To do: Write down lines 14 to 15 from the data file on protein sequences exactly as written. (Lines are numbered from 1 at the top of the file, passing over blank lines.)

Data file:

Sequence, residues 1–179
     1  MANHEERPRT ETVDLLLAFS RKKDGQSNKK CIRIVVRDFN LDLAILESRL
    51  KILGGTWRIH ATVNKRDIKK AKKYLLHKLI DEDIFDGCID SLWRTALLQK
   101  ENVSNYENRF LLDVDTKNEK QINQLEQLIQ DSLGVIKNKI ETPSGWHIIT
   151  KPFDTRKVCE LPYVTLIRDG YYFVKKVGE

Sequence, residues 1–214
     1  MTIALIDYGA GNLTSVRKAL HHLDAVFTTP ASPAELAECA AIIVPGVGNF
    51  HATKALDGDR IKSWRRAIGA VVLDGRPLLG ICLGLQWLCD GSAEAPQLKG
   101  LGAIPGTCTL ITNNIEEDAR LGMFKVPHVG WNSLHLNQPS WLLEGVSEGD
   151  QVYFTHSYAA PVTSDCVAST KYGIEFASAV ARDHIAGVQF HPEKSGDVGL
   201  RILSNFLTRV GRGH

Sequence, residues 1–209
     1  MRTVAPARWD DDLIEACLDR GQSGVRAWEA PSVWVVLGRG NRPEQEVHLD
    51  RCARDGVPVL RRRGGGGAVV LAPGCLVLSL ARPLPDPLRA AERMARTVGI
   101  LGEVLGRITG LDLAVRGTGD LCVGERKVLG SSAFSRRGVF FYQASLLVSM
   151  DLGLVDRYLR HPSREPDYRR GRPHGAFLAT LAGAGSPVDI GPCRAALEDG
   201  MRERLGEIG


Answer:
    51  RCARDGVPVL RRRGGGGAVV LAPGCLVLSL ARPLPDPLRA AERMARTVGI
   101  LGEVLGRITG LDLAVRGTGD LCVGERKVLG SSAFSRRGVF FYQASLLVSM